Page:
Fear of Risk Could Diminish the Economic Rescue by the Treasury and Fed

As the United States plunges into the worst economic downturn in decades, there is growing concern that the Federal Reserve and the Treasury are being too timid and halting in their approach as they scramble to rescue the economy.

Mr. Mnuchin and Mr. Powell have been given buckets of money to gird the economy as the coronavirus lockdowns continue, tanking revenues and heightening the risk of long-term economic damage. When the pandemic eventually recedes, the trajectory of the recovery will largely depend on whether the federal government went to the necessary lengths to keep businesses and households afloat.

Mr. Mnuchin has resisted taking on too much risk, mindful of the optics involved in bailing out large companies or those already heavily indebted. He has said he does not expect to lose the money that Congress has handed him to support emergency lending, which could be driving the Fed to be more cautious. While Mr. Mnuchin has said the Treasury could take losses if the economy worsens, his base case scenario is that it will return all $454 billion.

“I think it’s pretty clear if Congress wanted me to lose all of the money, that money would have been designed as subsidies and grants as opposed to credit support,” Mr. Mnuchin told reporters in late April.

“There’s plenty of scenarios where we lose all of our money,” he said. “There also could be scenarios where the world turns out better and we make money.”

The Treasury’s desire to recoup its investment may seem fiscally prudent, but economists and former government officials say it could limit the Fed’s ability to get credit to places where it is needed, undermining the recovery. The money Congress has given the Treasury is intended to provide a layer of insurance, ensuring that the Fed is not on the hook if a loan goes bad and that the Treasury will cover any losses. If the programs were expected to lose money as a base case, they might be able to extend loans to riskier borrowers, comfortable with the reality that some would probably default.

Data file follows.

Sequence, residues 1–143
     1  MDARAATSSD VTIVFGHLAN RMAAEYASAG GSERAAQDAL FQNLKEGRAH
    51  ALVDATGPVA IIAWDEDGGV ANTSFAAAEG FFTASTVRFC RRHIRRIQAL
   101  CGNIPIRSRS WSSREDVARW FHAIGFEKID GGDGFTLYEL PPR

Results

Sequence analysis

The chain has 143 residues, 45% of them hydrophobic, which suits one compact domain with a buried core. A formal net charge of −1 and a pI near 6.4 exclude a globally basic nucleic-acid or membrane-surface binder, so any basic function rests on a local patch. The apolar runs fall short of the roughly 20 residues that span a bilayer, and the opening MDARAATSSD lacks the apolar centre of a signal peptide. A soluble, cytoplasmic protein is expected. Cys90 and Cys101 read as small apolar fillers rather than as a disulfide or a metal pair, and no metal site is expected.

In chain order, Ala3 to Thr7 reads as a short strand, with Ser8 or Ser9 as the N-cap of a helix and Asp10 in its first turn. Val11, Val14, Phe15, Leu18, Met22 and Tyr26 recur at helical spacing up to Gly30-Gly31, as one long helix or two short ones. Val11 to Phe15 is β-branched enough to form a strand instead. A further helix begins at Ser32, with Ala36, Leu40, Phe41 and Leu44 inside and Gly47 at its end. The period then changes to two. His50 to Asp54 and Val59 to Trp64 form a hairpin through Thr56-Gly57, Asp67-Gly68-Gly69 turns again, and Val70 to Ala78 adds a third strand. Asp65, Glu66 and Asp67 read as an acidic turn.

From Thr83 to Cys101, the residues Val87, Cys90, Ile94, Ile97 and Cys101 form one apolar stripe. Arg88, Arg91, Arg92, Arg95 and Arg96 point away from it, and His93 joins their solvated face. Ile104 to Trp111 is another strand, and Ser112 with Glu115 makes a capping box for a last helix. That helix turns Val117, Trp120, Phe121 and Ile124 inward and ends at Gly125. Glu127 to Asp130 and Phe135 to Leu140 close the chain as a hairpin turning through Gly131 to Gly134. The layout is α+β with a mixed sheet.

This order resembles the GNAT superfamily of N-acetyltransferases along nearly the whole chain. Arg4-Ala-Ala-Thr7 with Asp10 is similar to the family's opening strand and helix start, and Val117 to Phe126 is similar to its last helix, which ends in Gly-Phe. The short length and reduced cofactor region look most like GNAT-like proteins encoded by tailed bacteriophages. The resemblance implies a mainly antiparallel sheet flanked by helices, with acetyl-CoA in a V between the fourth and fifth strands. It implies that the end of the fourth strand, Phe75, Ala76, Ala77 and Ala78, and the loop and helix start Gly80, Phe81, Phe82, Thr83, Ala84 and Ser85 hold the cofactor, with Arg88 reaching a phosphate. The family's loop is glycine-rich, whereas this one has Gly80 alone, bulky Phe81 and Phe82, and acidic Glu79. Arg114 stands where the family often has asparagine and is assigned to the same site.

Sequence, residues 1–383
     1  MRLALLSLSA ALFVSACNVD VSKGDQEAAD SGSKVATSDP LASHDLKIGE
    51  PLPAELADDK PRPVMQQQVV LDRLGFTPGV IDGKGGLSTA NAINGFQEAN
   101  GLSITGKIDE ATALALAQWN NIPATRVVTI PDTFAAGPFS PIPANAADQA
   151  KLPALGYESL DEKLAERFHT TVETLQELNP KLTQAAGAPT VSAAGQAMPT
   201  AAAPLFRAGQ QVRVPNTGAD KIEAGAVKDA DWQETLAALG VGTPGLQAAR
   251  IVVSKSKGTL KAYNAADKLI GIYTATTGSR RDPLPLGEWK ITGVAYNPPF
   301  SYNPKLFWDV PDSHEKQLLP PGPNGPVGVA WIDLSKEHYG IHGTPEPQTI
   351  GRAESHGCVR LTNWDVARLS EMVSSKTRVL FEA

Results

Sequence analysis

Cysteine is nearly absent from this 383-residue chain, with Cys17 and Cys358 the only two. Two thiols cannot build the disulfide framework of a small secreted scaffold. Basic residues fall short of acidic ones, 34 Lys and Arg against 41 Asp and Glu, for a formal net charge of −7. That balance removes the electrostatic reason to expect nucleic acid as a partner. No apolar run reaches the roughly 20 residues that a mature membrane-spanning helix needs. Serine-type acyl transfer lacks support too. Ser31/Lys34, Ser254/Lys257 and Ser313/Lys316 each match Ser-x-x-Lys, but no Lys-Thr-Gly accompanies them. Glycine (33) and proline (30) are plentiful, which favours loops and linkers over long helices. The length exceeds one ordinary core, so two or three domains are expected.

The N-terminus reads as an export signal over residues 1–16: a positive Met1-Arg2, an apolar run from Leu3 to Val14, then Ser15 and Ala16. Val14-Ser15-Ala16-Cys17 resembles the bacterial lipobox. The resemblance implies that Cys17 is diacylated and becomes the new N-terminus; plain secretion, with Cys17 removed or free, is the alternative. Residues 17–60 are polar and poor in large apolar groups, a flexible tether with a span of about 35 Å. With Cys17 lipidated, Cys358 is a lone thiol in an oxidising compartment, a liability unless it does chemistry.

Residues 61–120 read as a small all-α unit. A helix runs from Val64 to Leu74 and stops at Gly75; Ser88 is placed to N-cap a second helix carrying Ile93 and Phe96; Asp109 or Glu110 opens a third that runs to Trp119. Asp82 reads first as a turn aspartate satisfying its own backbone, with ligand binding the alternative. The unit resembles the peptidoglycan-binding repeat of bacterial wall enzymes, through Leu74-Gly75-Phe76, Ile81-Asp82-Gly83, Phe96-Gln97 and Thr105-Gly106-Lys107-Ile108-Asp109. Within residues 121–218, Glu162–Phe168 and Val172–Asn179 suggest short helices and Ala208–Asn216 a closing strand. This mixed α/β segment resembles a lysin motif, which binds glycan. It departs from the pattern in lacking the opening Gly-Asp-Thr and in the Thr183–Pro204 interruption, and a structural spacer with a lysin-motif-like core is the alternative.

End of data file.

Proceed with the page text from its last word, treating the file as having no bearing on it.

Lawmakers have begun warning the Fed and Treasury that they may fall short of congressional intent by being too risk averse and designing programs that could exclude borrowers in desperate need of help.

“It was always my intention, and I think the intention of my colleagues, that the Treasury would inevitably take some losses on that capital,” said Senator Patrick J. Toomey, Republican of Pennsylvania. Mr. Toomey, in an interview, said that “no losses at all” would probably suggest that the programs were not reaching enough companies, though he was “hoping that losses are smaller rather than larger.”

Senator Mark Warner, Democrat of Virginia, suggested the Fed and Treasury needed to act more aggressively to ensure that companies can make it through the dry spell.

“When it comes to helping Main Street businesses, we should err on the side of doing a little too much, rather than doing too little,” he said.